For you, freedom might include:
- Living in a location of your choice.
- Ability to speak your mind.
- Choosing your profession, or changing it.
- Attending your church of choice, worshiping God, and practicing your faith without fear.
- Making a difference with your vote.
- Learning about topics that are of interest to you.
- Raising a family, the way you deem best.
- Freely traveling around the country and connecting with others of your choosing.
As a differentiating value, Freedom means the power to act or speak or think without externally imposed restraints. You know it when you have it – and when you don’t.
Do we recognize when such restraints appear? Often the first sign is outward conflict, indicating a power struggle. How do we respond?
When conflicts threaten the freedom of our families, our communities, or our country, we rely on the help of others to protect it. These are times we appreciate great leadership.
Rightfully, we honor those who fight to protect our freedoms, our way of life. We remember those who gave – and still give – their life to preserve ours.
It is also right to acknowledge the role of great leaders.
The Role of a Great Leader
A great leader is always out front, not hiding in the back. Such a leader sets goals and direction, monitors the movement, and decides when and what changes are needed to achieve the goals. They are always mindful of the needs and concerns of their followers.
And a great leader understands the need for sacrifice.
John Maxwell makes an important observation about sacrifice in his book The 21 Irrefutable Laws of Leadership. He states that Leaders are often asked to give up more than others. This is the Law of Sacrifice.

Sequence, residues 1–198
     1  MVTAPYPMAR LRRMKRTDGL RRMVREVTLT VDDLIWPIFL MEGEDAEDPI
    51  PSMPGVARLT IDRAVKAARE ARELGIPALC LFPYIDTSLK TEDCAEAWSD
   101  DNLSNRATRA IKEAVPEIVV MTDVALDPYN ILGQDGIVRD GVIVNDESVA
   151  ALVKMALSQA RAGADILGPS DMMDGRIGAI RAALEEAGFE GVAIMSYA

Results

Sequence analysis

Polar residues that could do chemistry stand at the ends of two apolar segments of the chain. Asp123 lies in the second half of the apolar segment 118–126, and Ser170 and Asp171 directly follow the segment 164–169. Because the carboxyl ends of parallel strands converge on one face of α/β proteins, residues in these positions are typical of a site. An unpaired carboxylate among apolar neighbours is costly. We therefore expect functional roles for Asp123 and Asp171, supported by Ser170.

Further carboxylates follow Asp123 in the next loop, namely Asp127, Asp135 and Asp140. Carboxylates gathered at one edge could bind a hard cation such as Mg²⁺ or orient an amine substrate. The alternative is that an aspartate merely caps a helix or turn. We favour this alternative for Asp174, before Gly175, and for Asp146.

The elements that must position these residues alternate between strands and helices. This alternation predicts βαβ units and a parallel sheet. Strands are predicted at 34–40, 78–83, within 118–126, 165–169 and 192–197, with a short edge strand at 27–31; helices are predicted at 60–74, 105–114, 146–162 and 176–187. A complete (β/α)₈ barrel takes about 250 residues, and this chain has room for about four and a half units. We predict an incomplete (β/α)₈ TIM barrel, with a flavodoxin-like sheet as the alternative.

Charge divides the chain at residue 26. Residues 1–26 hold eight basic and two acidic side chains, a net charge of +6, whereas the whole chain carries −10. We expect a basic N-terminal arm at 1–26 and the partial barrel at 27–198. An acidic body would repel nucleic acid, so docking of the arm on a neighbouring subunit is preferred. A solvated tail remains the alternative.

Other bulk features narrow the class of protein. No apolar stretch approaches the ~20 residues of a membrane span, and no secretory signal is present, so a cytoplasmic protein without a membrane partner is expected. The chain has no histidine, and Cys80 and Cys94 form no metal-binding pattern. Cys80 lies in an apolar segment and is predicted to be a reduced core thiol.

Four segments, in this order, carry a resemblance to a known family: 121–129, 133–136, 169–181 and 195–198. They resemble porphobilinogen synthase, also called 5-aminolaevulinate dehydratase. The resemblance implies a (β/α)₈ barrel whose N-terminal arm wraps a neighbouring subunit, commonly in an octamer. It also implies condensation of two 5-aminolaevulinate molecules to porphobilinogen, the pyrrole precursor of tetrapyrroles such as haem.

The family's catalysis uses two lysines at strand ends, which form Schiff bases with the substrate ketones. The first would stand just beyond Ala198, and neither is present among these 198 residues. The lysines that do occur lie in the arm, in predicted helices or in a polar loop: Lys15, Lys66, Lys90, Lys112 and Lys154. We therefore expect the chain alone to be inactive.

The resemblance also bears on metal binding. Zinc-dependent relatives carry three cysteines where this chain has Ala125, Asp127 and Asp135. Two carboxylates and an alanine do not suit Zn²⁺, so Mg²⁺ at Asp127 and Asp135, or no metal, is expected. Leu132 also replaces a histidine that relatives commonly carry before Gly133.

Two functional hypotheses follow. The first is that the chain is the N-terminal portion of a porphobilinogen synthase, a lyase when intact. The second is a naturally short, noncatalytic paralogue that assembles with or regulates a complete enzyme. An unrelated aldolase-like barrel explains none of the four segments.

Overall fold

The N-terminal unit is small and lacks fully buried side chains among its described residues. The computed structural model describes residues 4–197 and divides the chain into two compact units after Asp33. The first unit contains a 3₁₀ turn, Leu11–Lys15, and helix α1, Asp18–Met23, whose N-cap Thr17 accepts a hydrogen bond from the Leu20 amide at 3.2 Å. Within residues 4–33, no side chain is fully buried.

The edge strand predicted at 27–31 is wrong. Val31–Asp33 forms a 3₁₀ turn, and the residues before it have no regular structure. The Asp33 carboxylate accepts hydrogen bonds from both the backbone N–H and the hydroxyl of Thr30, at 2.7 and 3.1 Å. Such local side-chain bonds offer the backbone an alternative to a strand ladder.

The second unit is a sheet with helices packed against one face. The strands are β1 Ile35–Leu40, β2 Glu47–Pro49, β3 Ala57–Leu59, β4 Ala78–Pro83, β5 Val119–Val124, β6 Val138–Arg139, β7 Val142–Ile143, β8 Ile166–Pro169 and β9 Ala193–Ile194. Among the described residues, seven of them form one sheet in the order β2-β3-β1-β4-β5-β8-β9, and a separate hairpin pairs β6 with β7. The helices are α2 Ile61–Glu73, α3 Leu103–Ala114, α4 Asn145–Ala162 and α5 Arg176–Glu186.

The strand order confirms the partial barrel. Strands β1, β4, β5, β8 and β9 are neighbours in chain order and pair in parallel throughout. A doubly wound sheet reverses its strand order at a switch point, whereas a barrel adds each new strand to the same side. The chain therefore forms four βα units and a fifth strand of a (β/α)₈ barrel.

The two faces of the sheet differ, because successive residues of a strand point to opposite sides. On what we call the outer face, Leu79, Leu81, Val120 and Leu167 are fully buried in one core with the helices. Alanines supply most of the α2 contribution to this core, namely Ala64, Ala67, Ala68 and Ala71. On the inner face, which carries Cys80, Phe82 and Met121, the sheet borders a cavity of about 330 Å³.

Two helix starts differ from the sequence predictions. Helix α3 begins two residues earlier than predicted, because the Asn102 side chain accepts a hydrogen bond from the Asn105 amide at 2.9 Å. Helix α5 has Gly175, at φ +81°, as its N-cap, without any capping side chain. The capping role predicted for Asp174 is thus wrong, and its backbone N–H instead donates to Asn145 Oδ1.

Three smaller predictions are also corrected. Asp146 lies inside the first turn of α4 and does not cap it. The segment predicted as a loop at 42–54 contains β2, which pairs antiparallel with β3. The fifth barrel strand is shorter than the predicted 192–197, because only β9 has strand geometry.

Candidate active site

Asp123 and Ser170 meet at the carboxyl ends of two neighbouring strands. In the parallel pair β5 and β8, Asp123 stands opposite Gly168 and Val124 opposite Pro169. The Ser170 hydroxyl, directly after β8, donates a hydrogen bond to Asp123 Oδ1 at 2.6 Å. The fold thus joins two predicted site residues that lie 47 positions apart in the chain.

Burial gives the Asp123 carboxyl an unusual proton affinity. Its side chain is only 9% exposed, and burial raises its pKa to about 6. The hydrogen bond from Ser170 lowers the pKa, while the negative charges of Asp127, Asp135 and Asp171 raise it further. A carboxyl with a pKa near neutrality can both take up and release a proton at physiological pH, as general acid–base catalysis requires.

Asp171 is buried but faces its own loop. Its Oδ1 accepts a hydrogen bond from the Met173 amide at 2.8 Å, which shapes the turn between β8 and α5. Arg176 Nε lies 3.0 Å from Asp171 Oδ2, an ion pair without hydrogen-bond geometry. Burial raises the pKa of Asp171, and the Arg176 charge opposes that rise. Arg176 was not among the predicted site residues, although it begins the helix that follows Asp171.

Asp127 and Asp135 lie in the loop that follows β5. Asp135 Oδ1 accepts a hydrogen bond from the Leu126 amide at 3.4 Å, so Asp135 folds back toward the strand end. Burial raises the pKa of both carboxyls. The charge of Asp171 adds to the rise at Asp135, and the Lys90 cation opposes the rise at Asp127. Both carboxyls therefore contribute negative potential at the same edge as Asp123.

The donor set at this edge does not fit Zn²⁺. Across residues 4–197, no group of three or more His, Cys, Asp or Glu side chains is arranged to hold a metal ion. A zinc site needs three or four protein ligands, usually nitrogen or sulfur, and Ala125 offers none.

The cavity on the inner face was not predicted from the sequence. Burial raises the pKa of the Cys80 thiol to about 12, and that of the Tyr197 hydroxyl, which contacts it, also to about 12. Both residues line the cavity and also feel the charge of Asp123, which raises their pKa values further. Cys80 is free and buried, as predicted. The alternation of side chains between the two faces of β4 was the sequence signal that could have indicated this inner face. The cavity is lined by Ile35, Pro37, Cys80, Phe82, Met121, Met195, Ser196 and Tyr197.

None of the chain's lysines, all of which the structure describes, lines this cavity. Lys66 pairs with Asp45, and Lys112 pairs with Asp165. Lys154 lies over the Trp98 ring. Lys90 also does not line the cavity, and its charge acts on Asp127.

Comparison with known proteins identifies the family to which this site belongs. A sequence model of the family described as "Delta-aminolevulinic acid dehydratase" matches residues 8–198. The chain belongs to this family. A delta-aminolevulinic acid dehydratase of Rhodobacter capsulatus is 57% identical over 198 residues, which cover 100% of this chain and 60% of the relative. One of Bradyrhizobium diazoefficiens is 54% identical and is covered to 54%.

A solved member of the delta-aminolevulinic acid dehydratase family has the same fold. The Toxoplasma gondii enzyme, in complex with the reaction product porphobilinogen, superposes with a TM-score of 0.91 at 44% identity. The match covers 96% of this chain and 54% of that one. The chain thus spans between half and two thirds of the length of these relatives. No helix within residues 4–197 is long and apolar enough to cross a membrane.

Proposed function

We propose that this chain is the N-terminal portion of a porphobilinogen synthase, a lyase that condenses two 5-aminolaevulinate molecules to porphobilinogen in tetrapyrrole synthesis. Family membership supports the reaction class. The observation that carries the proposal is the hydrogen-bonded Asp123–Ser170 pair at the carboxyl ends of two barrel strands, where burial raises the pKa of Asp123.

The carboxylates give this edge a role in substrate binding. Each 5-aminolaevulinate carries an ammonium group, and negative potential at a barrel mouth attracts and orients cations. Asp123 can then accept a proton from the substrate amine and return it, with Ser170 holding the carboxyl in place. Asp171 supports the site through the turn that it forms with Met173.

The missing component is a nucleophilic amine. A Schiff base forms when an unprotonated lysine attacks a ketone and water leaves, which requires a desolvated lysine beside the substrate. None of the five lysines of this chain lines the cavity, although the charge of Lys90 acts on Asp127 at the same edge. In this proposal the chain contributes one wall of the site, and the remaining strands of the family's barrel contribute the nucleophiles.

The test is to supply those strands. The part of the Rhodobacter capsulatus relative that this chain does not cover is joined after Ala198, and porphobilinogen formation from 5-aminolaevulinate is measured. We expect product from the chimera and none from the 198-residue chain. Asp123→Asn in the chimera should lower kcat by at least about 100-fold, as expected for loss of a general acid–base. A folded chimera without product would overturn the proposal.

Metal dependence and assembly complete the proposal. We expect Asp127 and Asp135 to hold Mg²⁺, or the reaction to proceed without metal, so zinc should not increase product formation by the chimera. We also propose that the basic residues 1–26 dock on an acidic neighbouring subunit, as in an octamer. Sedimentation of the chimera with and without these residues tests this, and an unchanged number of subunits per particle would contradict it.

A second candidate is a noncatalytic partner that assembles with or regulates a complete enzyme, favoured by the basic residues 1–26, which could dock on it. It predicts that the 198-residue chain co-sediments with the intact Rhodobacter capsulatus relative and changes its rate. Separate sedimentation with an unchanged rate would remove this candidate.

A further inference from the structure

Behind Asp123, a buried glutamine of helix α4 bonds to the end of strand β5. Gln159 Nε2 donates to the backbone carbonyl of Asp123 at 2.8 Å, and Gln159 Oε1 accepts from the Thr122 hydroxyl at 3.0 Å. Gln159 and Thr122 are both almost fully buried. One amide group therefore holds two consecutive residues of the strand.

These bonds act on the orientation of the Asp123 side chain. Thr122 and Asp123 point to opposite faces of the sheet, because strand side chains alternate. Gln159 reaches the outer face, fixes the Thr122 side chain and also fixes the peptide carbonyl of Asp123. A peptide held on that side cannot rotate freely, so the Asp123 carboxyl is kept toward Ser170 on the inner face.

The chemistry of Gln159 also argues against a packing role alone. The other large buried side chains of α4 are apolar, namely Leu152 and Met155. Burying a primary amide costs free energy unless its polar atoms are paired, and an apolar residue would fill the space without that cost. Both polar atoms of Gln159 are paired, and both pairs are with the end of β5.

As a leader’s responsibilities increase, their personal rights – and freedoms – decrease. The more responsibility one accepts, the fewer personal options one can expect.
But when it comes to the value of freedom, all leaders have a choice.
The Leader’s Choice
As a leader, you have two choices about the value of freedom:
- Preserve your own freedom, and not take on additional leadership responsibilities.
- Give up your own freedom to help preserve freedom for others.
Great leaders know they cannot have it both ways.
James Bonham knew this while fighting Mexican troops at the Alamo during the Texas Revolution (1836). When he was sent as a courier to obtain aid and reinforcements, he was told no assistance was available. So what did he do? He returned to the Alamo through enemy lines to join his comrades in the final bloody battle.
Martin Luther King Jr. knew this when he fought for the advancement of civil rights in America, ultimately sacrificing his life (1968) for the freedom of African Americans.
Mother Teresa knew this when she sacrificed all personal care and comforts and dedicated her life to minister to the poor, sick, orphaned, and dying – across 123 countries.
Nelson Mandela knew this while he remained in prison for 27 years, for his role as a militant anti-apartheid activist. Only four years after his release he became president of South Africa in a first ever fully representative democratic election (1994).
A key to making the tougher choice is being able to name the restraint that stands in the way of freedom. All of the great leaders listed above could name the external restraints they faced.
So, if you truly value freedom, make the choice to give yours up for others. And clearly name the externally imposed restraint.
What other leaders have embraced the value of freedom in helping others?
How can the value of freedom help you develop your differentiation?
Today’s value was selected from the “Freedom-Prosperity” category, based on the e-book Developing Your Differentiating Value.